Putting what one theorizes into practice has turned out to be a significant challenge. As I wrote last month in my article, “Give Me the Simple Life”, I now know firsthand that achieving a simplified life is truly not that simple.
Basically, our grand scheme is to sell our house and call Manzanillo ‘home’ since we already have lived our winters there for the past seven years and return to Canada in spring and summer. This decision is largely based on the fact that keeping a second home that sits empty for more than half the year has become a burden for us and others. Not only is it expensive, but we must continue arrangements for security, taxes, phone and internet, ask friends to collect mail, have them check up on the house once a week to ensure heating is on (otherwise our insurers won’t cover unforeseen damages) and because of our climate, help with snow removal so that the house does not appear vacant. We are forever grateful for having the friends that we do have and who were willing to assist us all these years. How wonderful they have been.
Some would say just rent the home while you’re away. But our location does not support this option well and assuming the role of absentee landlords comes with a whole other set of challenges. These include: the need for a manager, moving and storage of personal goods and valuables in and out twice a year, and finding respectable renters who only want a big lofty house for six month a year during the winter and won’t do any damage. It might
work perhaps in the summer. Yes, since we live very near a lake. However many of the same worries still exist. (And then of course there are income tax laws too complex to cover in this article.)
So it was decision time. Since we are both retired, do we give up the extended winters in Manzanillo and sell our condo or keep the place in Canada and have shorter exotic vacations? In the end, we just couldn’t give up Manzanillo. With glorious heat and sunshine, beachside living, wonderful friends (both expats and local Mexicans), great solid inexpensive dental and healthcare services, lower cost of living, direct flight access (and grown children living far away from us anyway) the decision was made. Manzanillo here we come!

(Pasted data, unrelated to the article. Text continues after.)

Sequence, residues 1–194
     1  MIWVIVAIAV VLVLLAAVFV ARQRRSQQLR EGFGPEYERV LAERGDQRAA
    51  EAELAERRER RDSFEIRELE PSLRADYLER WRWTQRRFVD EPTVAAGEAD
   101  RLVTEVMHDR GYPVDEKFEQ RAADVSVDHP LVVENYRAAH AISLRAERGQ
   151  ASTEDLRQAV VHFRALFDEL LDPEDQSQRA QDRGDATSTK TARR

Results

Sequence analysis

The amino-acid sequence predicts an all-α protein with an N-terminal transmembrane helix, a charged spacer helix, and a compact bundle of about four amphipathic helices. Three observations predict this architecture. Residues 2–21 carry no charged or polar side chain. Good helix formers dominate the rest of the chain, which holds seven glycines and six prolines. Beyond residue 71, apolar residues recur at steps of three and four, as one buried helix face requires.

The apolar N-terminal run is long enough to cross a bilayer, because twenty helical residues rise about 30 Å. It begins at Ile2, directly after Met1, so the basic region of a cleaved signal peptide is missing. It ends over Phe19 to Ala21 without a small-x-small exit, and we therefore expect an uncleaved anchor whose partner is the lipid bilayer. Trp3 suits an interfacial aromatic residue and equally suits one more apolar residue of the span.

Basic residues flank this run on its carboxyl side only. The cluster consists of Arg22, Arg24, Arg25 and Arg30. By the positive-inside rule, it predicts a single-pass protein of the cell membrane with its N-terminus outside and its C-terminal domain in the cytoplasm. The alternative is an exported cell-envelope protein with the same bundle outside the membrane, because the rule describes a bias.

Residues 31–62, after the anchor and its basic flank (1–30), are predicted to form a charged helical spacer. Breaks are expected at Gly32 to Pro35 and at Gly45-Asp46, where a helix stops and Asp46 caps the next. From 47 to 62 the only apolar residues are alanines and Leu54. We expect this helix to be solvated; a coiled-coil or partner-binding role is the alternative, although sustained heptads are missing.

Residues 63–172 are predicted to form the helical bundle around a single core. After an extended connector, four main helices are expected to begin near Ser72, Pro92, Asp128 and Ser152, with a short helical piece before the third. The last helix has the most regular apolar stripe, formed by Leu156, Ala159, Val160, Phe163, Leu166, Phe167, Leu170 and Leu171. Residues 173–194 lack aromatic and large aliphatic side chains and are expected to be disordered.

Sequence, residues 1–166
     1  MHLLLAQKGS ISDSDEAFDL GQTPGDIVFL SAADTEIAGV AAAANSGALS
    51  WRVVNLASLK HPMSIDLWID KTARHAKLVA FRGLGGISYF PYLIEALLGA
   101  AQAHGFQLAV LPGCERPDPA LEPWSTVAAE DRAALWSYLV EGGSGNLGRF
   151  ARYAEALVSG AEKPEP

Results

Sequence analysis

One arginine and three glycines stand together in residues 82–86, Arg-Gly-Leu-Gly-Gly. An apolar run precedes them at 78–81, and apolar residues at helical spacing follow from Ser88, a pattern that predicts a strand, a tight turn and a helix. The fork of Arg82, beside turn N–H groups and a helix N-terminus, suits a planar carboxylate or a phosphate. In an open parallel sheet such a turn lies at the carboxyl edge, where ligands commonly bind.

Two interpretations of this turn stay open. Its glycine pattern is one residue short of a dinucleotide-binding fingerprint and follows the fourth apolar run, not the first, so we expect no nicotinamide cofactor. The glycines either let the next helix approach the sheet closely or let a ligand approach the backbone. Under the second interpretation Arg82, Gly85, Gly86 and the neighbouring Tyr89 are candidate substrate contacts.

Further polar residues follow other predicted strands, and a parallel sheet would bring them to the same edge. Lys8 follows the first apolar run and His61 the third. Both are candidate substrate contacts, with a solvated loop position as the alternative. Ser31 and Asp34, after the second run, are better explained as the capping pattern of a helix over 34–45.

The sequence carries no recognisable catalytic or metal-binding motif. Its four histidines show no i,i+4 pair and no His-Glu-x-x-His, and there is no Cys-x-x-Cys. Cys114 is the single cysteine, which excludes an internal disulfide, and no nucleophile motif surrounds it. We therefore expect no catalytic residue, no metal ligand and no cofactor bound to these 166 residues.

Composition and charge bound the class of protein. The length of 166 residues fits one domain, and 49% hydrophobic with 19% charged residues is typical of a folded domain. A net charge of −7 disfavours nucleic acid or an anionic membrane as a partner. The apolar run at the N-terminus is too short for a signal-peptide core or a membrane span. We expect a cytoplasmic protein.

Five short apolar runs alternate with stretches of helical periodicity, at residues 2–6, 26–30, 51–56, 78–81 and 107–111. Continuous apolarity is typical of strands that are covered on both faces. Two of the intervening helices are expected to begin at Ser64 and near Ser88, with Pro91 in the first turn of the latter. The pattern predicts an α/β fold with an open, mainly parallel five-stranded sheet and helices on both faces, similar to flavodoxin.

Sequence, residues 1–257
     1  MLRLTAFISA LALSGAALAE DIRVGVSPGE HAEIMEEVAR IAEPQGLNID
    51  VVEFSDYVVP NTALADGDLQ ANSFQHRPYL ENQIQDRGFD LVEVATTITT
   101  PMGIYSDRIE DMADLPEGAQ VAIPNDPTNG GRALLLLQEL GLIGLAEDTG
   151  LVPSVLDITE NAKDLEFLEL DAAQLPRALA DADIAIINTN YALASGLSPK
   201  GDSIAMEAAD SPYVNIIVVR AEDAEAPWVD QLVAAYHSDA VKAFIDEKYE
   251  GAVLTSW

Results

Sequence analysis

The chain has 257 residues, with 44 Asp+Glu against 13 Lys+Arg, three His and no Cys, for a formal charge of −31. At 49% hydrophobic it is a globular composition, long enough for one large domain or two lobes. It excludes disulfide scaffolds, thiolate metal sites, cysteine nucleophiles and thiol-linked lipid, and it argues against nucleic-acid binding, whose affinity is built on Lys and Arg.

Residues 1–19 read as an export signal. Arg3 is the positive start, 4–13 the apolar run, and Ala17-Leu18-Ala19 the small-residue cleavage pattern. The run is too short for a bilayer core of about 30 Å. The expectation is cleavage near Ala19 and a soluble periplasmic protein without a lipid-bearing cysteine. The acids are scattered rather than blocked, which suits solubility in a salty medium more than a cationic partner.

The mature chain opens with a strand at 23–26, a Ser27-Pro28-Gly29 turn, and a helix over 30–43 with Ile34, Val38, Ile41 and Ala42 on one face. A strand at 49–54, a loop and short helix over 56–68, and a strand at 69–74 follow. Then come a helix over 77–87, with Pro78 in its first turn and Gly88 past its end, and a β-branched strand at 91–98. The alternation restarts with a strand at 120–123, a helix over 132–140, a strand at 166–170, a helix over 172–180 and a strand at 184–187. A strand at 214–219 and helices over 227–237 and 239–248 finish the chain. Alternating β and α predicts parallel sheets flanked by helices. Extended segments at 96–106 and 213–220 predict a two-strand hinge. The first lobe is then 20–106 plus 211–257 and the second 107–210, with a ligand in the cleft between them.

Now some people who have not experienced Manzanillo might ask: “Aren’t you concerned about safety?” (Like my family) In a word, no, we have felt very safe in Manzanillo and in fact some time ago I shared a story about just how safe this location is. Of course the news media pick up on the odd story of a tourist crime elsewhere in Mexico at some resort and then hammer it to death. But the truth be told, Manzanillo is one of the safest locations in the world and statistics show that more crime occurs in the USA to travelers in vacation areas than in our chosen destination. Just listen to the news about local crimes taking place in Canada and the USA: drug busts, rapes, murders, gang slayings, bomb scares, renegade gunmen, police brutality and so on. We don’t seem to pay as much attention to the local news as we do when it’s elsewhere. The fact is that no matter where you live you need to stay away from risky neighborhoods, risky lifestyles, and take precautions with your wallet and vehicles just like you would at home and be mindful. I don’t believe any of us can escape the unexpected tragedies of daily life such as being in the wrong place at the wrong time, auto accidents, drunk drivers, and health issues, no matter where we live. Manzanillo is in a lush mountainous southern tropical zone and far away from the USA/Mexico border where most of the drug trafficking and criminal activity occurs.
So the decision having been made. We listed our home with a friend and realtor and lo and behold we had an acceptable offer within two weeks. Of course the stress begins as it took another three weeks to complete home inspection, bank approvals and final documentation. Now we contemplate everything we must accomplish before we leave. We must liquidate our furnishings and personal effects, apply for our permanent Mexican visas and streamline a whole new approach to banking and residency. Yikes.
I am now in the middle of clearing away the accumulation of a lifetime. This involves shredding taxes and papers and hauling out stored boxes full of memories, photos and souvenirs. It’s a daunting task and an interesting experience as you revisit all of the old ‘passages’ of your life. You have to wonder where on earth the time went. But still, one must be grateful that there is (hopefully) some time left to savor a simpler life on the gorgeous shores of the Manzanillo bay. It’s definitely going to be the experience of a lifetime. I’m pretty sure I’ll have some interesting information to share in the near future for any of our readers who are considering the same decision.
We’ll be visiting the Mexican consulate in Canada soon. Stay tuned.
By Suzanne A. Marshall